Classifying the White House as a "Crime Scene"
Attempting to Classify the White House as a “Crime Scene”
By Elaine Brower
On Wednesday, March 19th, hundreds gathered in Washington, D.C. to protest the 5th year of “shock and awe” inflicted upon Iraq. Non-violent civil resistance was the theme of the day, and it took place all over the city.
World Can’t Wait, Drive Out the Bush Regime decided to rally in Lafayette Square Park directly in front of the White House, since that’s where one of the biggest war criminals in history resides. The others visit there daily.
Our plans were to call attention to not only the illegal and immoral occupation of Iraq and Afghanistan, but highlight this current Regime’s love for torturing anyone, enemy combatants physically, and the general public mentally and emotionally. At 2 PM there was a very dramatic demonstration of waterboarding, showing the media and others watching that to water board someone IS DEFINITELY TORTURE.
There were dozens of media outlets standing directly outside the White House Fence with cameras in hand, and rain coming down, straining to take pictures and videos of the atrocity of waterboarding. All were perfectly fixated on what was happening before their eyes, and gasped when the “enemy combatant” was held down, screamed at, kicked, and then gallons of water poured into his face. When the demonstration was finished, I could hear mumbling, more gasps, sounds of horror, and a complete lack of conversation as everyone who witnessed this was visibly upset and disgusted.
At that point, myself and another WCW member took out a 1,000 ft. roll of yellow “CRIME SCENE: DO NOT CROSS!” tape and started unraveling it in the pouring rain right in front of the White House fence. The photographers went nuts trying to get footage, and we were trying desperately to get it straightened out so you could read the imprinted message, and get it past the Secret Service and police standing in our way.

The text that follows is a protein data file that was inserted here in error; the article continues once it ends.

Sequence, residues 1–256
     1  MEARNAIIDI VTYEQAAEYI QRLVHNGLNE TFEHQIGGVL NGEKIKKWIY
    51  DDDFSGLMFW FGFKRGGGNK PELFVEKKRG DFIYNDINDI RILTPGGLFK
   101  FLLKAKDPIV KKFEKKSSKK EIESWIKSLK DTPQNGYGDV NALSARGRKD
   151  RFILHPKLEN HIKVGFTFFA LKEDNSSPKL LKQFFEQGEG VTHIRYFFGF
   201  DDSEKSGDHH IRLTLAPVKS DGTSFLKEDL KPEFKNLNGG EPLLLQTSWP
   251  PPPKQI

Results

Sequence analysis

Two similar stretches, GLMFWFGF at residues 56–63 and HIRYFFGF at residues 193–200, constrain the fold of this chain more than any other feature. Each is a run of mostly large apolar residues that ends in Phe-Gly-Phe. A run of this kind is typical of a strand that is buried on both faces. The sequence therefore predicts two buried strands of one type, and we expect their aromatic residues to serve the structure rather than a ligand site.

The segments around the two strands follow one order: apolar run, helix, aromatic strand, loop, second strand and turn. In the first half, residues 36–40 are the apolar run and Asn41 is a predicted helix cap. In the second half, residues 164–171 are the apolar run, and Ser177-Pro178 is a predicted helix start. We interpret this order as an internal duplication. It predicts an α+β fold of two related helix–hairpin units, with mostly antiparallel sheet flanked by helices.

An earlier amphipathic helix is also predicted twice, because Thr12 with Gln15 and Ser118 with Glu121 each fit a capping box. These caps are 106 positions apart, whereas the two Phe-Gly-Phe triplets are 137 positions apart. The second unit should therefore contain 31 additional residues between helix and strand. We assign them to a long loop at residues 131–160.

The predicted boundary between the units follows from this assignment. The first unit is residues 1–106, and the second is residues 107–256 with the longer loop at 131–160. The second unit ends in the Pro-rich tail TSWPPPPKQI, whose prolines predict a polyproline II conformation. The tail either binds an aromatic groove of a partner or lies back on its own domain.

A melee broke out and we ran very close up to the fence where we were able to get close enough to hold it up for photos. The police ripped it apart, but I still had the roll in my hand, running in the opposite direction, toward the entrance of the White House, with another person grabbing the end again and running in the other direction. We managed to get more tape out of the roll, until it was knocked out of my hand by a SWAT cop.
However, we had a second roll hidden, and I went back to retrieve it. We started again unraveling the second roll, which we were able to, with the help of people just standing there watching, get close up to the fence, and down the sidewalk. I held the roll on my arm as others pulled the tape, and we both ran in opposite directions. The SWAT cop ran for me again, but I dodged him, but ducking and running in the rain, since he had sunglasses on! As well as did all of them. The melee continued and by this time the cops had had enough and grabbed me. I was surrounded by 5 super-sized D.C. cops, and they took my CRIME SCENE TAPE! But there was still some floating around on the streets.
As soon as that happened, I heard the SWAT cop say “cuff her.” And I stood there watching the scene unfolding around me. People were so angry and yelling “war criminals” “arrest Bush, not her!”
It took 7 super-sized cops to walk with me to a van, and then I saw cops on horseback enter the street, trying to disburse the mob that had gathered, all chanting ‘ARREST BUSH, NOT HER!” The cops were visibly shaken; I could see their faces up close. They formed ranks around me and kept yelling at the other officers, “Watch the back, get back over to the fence, they’re going back!” At that point I thought we would see something out of the 60’s where the mob would turn over the police van, and push back against the cops. I couldn’t help but smile at the scene unfolding around me.
We almost had a truly historic, angry moment where we weren’t fooling around with posters, costumes or speeches. I’d say there may have been 50 people there that I saw truly yelling and trying to get me back, and away from custody. I just kept walking with the officers, knowing that the mood of this crowd was just the beginning of what was yet to come.